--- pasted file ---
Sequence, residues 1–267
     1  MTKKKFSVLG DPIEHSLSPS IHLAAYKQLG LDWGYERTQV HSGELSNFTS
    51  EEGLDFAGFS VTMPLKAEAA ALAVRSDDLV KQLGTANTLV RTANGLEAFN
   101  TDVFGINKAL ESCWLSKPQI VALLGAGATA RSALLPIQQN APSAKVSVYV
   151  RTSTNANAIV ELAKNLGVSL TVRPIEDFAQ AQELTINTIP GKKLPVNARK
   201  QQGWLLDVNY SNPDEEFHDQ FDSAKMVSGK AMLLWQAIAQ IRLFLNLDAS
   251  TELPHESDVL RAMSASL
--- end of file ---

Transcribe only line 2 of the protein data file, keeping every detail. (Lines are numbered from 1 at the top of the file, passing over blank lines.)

     1  MTKKKFSVLG DPIEHSLSPS IHLAAYKQLG LDWGYERTQV HSGELSNFTS